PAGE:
Over the years Toni Braxton has publicly defended Mariah Carey’s transition from adult contemporary songbird to crossover hip-hop figurehead. Indeed, both women started out singing great big ballads tailor-made to appeal to the broadest possible demographic, and both gradually added more and more urban influence to their repertoire, resulting in a steady decline in popularity. For Braxton, the hip-hop influence reached its apex with her slept-on 2002 album More Than A Woman, which, in retrospect, was an excellent attempt at keeping Braxton relevant by pairing her with of-the-moment producers (The Neptunes, Irv Gotti, among others) without diluting her signature sound. The fact that the feebly-promoted album didn’t strike a chord with the public is, perhaps, what led Braxton to part ways with her longtime mentor L.A. Reid and his record label.
Flash forward three years and Mariah Carey is flying high with The Emancipation Of Mimi, an album that finds the singer comfortably—finally—straddling the gulf between pop and R&B without straining too hard to be heard by both sides. Ironically, it was under the tutelage of Braxton’s old pal Reid, who serendipitously ended up at the same label as Mariah after departing from his former post at Arista, that Mariah rediscovered her footing. So it’s unfortunate that Braxton doesn’t have similar guidance with her own attempted return, Libra, released on Blackground Records. The album’s forgettable first single, the Scott Storch-produced “Please,” picks up where the edgy More Than A Woman left off, but most of the rest of Libra harks back to Braxton’s previous ballad-heavy successes. There aren’t any guest rappers this time around, and the song “Finally” even makes lyrical references to past hits like “Breathe Again” (though it isn’t anywhere near as evocative or elegiac).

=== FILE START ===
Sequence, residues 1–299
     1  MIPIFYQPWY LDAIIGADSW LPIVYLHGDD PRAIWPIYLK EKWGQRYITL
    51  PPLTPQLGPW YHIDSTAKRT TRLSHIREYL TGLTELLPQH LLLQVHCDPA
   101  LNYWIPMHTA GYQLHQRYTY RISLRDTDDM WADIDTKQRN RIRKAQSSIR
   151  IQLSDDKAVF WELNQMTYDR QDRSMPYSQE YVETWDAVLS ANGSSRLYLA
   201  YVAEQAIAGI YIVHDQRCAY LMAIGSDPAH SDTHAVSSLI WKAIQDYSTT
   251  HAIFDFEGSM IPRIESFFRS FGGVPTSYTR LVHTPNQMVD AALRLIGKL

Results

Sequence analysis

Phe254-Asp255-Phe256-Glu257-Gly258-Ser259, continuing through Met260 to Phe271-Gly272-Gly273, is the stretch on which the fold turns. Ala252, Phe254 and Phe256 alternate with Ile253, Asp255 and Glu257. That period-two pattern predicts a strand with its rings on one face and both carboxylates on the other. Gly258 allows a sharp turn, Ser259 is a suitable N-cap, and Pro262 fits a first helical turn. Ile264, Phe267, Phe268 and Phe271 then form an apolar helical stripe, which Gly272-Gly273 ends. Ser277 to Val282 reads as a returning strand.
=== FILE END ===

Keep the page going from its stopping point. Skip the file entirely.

While Braxton meshed impeccably with her hip-hop counterparts on More Than A Woman, her collaboration with Rich Harrison (“Take This Ring,” which sounds like any number of his previous productions) sounds forced, even desperate. And with the Babyface and Daryl Simmon-penned “I Wanna Be (Your Baby),” the team that once delivered multiple R&B classics all on one Braxton record struggles to produce just one for their old friend here. The track is a serviceable vehicle for Braxton’s seasoned alto, but more successful are the sultry “Sposed To Be,” “What’s Good” (which is a decidedly traditional ballad but avoids the schmaltz that weighed down much of the singer’s previous material), the acoustic album closer “Shadowless,” and the loungy “Stupid”—she might not know it yet, but if the woman who was once compared to Anita Baker is going to have a future in music, this song is it.